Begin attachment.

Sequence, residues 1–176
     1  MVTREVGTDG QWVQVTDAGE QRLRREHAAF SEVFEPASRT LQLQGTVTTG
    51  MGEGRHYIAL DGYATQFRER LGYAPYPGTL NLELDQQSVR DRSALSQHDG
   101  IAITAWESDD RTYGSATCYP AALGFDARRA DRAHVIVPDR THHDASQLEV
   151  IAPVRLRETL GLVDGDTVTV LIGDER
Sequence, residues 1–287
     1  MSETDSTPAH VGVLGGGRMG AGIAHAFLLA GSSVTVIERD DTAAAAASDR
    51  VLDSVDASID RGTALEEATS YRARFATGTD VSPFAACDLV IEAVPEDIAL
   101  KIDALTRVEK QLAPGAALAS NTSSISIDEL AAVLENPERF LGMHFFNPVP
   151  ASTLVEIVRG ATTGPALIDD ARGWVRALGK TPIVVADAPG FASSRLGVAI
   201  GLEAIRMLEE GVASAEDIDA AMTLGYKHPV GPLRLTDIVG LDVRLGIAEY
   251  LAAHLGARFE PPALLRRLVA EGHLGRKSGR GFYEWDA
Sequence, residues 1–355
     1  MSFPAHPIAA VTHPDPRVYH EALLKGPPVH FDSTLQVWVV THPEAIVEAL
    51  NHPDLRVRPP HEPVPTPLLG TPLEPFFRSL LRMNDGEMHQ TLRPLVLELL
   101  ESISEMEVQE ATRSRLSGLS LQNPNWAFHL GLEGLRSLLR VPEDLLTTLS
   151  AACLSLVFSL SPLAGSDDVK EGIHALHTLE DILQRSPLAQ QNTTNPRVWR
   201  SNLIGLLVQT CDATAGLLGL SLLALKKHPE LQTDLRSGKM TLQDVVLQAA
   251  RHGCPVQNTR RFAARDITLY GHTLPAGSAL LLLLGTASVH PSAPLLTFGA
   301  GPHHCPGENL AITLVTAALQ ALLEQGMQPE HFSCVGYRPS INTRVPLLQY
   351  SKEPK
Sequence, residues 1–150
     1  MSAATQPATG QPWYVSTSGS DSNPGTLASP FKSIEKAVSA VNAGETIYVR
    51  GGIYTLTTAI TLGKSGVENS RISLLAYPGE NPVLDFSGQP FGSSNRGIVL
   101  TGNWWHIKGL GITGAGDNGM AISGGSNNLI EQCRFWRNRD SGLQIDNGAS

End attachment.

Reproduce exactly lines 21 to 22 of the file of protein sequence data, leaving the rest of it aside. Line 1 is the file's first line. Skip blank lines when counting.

   351  SKEPK
Sequence, residues 1–150